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Ryerson chief has last laugh


CHICAGO — Neil S. Novich, chairman, president and chief executive officer of Ryerson Inc., was given a new lease on his job following a proxy fight for control of the company's board at Ryerson's annual meeting.

Novich said before the Aug. 23 vote that he still had no assurances on what his position would be if a $2-billion deal the board negotiated to sell Chicago-based Ryerson to Platinum Equity LLC, Beverly Hills, Calif., is completed later this year.

But a review of documents on the proposed merger filed by Ryerson with the U.S. Securities and Exchange Commission after the annual meeting shows that Novich, 53, would be in line for compensation totaling at least $13.8 million in performance awards, incentives and other benefits if the deal is completed.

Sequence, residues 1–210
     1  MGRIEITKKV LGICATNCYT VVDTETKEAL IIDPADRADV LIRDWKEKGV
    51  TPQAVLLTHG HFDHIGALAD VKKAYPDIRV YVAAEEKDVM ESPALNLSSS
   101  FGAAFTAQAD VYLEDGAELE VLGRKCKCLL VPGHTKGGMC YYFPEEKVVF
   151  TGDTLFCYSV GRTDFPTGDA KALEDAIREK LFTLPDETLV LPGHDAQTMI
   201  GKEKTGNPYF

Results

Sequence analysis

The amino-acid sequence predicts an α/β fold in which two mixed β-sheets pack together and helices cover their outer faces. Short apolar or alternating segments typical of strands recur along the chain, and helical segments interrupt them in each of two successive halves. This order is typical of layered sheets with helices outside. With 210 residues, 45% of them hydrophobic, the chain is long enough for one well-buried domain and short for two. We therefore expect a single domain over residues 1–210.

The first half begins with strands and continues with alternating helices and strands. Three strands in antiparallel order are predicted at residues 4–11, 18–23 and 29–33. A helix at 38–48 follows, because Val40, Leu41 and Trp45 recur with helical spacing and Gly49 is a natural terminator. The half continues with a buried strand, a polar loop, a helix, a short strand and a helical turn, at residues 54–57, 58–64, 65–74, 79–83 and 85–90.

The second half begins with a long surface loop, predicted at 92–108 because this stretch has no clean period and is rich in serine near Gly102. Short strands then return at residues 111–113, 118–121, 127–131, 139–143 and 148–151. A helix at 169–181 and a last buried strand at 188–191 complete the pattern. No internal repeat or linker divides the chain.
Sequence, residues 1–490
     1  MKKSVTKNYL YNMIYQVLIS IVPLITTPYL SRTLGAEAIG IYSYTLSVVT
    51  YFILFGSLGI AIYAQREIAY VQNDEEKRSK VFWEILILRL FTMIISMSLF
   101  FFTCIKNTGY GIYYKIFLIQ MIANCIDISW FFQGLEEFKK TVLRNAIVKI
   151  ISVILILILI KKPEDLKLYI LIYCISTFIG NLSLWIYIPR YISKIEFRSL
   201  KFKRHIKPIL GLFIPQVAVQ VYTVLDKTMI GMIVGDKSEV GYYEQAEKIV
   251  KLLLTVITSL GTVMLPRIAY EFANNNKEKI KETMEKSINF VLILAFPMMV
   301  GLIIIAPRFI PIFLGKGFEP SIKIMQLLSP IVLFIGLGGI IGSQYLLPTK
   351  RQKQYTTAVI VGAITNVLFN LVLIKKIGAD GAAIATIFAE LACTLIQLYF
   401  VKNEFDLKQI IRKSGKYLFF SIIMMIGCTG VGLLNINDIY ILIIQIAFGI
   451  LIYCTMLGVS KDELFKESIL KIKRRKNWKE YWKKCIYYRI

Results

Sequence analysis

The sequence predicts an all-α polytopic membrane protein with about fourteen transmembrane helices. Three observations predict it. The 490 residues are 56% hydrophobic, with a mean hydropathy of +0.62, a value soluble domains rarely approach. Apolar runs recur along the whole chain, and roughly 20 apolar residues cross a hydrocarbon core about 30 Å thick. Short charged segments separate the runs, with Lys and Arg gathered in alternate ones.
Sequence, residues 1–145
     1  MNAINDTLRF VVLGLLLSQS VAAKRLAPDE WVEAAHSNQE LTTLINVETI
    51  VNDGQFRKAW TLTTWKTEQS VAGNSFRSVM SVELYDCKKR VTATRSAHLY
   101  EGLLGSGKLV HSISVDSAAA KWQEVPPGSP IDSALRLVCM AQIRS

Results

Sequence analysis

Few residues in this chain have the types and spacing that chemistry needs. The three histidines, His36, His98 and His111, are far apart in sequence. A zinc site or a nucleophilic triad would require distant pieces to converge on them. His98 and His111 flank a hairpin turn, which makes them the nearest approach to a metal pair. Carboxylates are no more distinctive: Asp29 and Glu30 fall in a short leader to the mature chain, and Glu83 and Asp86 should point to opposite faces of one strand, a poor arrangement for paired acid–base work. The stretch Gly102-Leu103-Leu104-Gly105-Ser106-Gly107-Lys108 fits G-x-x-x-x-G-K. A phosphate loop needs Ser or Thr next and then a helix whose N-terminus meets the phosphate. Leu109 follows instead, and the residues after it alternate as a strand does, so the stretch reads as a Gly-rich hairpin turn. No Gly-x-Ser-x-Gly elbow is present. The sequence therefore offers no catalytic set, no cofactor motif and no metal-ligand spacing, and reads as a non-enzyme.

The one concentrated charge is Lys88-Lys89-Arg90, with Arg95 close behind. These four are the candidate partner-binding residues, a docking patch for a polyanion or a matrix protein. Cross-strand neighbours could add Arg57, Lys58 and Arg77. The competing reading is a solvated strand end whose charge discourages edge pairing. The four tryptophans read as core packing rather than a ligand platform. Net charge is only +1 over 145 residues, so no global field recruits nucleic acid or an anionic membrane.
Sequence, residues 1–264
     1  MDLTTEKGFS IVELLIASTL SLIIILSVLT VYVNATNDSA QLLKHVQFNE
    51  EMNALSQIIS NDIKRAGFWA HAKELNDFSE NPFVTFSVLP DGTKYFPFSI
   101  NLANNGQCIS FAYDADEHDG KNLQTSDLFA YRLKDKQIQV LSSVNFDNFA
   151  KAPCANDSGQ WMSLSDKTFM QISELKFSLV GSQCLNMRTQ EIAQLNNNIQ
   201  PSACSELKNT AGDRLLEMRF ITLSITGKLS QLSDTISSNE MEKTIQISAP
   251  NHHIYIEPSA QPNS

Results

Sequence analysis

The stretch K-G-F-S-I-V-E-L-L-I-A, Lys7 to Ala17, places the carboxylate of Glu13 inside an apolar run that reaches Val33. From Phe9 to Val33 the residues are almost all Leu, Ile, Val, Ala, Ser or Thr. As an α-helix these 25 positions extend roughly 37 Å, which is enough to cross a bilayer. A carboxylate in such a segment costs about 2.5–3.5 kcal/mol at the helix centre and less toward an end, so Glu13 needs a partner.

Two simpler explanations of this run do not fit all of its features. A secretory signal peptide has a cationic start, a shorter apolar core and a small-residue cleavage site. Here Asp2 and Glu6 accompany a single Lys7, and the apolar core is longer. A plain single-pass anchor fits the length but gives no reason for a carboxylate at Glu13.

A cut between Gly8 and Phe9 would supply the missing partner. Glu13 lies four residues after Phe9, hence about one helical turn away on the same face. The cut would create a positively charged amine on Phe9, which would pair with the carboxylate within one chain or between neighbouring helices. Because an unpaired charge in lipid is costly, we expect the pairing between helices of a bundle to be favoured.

Steel industry analysts, few of whom are willing to talk about Ryerson or Novich on the record these days, have long criticized the performance of the service center giant that Novich has headed for eight years after leaving a distribution and logistics industry consultancy practice he founded at Bain & Co.

Novich then helped to orchestrate Ryerson's spin-off from the former Inland Steel Co., which is now part of ArcelorMittal. He organized sharp cuts in the company's operations during industry cutbacks in the early part of this decade before negotiating the $644-million acquisition of Integris Metal Inc. from Alcoa Inc. and BHP Billiton three years ago.

Novich and other Ryerson executives have consistently defended the company as performing on par with other service center industry competitors.

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